Do you feel like your dream has come true or is there much more to do? A little bit of both.  I’m working with a writing coach who has taught me a lot and I’m grateful for her patience and support. As a writer, I’m always learning and it’s something that I want to do.

What is your personal cure for procrastination? For me, procrastination was more like a security blanket. Then I realized the longer I delay, the longer it will take to get done. I finally got to the point where I was tired of being behind on my writing and not getting anything done. So, I made a decision to start treating my writing more like a business. Now I work seven days a week with a set writing schedule.

What does your workspace look like? My work space is cluttered-neat. I have stacks of research and how-to books on my floor, desk and table in neat piles. I also stock-up on spiral notebooks. I carry two with me everywhere I go. You never know when you’ll hear or see something that will inspire an idea for your book or a character.

Are there any occupational hazards to being a writer? I would have to say carpal tunnel. It can be very excruciating, but I love what I do.
Have you ever had a day when you just wanted to quit? You betcha! I cry and laugh hysterically when my career choice becomes overwhelming. I keep telling my husband I should’ve stayed in law enforcement.

What do you do when you’re not writing? I love to spend time with my family, watch movies, cook and read.

What are the most important attributes to remaining sane as a writer? I’d have to say attending at least one writer’s retreat a year. It helps me to spend alone time with my thoughts without interruptions.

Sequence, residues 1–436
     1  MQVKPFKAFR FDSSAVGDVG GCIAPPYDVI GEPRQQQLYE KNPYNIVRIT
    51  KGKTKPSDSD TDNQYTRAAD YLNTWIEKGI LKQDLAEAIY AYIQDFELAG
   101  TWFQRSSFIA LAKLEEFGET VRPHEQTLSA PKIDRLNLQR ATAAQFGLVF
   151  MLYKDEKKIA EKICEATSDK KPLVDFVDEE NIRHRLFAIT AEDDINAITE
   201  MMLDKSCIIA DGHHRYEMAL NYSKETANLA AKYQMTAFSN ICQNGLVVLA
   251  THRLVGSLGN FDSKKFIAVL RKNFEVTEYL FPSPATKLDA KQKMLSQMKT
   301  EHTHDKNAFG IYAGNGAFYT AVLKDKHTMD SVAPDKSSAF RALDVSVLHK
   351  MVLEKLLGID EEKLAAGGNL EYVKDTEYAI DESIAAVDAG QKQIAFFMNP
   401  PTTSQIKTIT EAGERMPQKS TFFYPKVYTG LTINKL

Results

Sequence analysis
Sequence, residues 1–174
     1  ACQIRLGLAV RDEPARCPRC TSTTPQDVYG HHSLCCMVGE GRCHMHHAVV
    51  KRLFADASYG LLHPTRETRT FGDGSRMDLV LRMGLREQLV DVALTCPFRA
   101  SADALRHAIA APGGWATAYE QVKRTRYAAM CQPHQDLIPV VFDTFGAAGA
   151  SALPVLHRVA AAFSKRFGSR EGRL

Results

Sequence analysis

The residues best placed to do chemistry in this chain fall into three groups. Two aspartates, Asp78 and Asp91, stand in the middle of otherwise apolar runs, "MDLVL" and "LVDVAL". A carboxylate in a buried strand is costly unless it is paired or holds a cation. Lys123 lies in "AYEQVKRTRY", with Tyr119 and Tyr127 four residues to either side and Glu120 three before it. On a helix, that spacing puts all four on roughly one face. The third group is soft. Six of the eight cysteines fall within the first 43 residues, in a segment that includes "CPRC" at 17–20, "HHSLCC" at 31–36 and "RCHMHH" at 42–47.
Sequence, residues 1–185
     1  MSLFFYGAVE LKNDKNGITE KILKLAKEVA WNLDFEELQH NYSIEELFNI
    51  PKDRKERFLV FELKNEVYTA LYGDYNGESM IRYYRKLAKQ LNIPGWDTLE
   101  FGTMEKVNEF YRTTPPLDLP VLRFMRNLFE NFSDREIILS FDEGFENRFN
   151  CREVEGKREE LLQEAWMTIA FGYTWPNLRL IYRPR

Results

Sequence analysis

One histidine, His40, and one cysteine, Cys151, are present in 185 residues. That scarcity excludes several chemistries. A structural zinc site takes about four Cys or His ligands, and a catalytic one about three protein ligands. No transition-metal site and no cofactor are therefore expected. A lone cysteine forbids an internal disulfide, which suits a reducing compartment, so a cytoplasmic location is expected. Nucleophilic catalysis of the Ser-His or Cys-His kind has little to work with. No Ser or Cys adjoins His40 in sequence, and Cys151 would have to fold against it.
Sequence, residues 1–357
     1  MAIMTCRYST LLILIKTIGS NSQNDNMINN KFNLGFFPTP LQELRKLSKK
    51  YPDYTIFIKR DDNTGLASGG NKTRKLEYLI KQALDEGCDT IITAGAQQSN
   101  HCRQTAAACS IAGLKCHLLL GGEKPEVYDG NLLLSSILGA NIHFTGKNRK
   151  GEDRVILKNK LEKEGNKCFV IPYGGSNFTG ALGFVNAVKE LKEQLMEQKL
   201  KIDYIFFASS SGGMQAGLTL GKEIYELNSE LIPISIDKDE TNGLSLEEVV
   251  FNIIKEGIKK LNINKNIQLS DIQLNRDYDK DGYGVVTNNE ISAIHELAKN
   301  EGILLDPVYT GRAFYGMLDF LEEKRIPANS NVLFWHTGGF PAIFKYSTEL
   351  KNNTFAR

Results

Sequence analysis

What was the greatest thing you learned at school?  In eighth grade, my history teacher conducted a mock trial regarding a person wrongly accused of embezzlement. I was the lawyer and my client was someone that I didn’t get along with. The exercise lasted for four days and we won. A couple of days later, the other student came up to me and said, “I’m sorry for all the times I was mean to you.” I accepted her apology and we eventually became friends.
I learned later that she was hiding a lot of pain and was really a nice person. A couple of weeks after we started high school she was killed in an automobile accident. I was crushed. That tragedy helped me to understand that life is short and it’s important to be appreciative of your blessings.
Not long after that, I ran into my history teacher and she confessed to knowing that she was aware that we didn’t get along, but forced us to work together. I thanked her for teaching me that lesson.

Did you have a moment when you realised you were meant to be a writer? Back in 2002 I hand wrote one of my stories on wide ruled paper. 310 pages later I realized that I was not satisfied with it just being a hobby. I wanted more. I wanted to be able to share my creativity with others.
So, I copied it onto Microsoft Word and I’ve been learning the ups and downs of a writer ever since.

What advice would you give to aspiring authors? Stay focused, hone your craft and remain positive.


  1. Nice interview book sounds great I love to read books like this.

  2. Thank you. I enjoyed creating the characters and the story.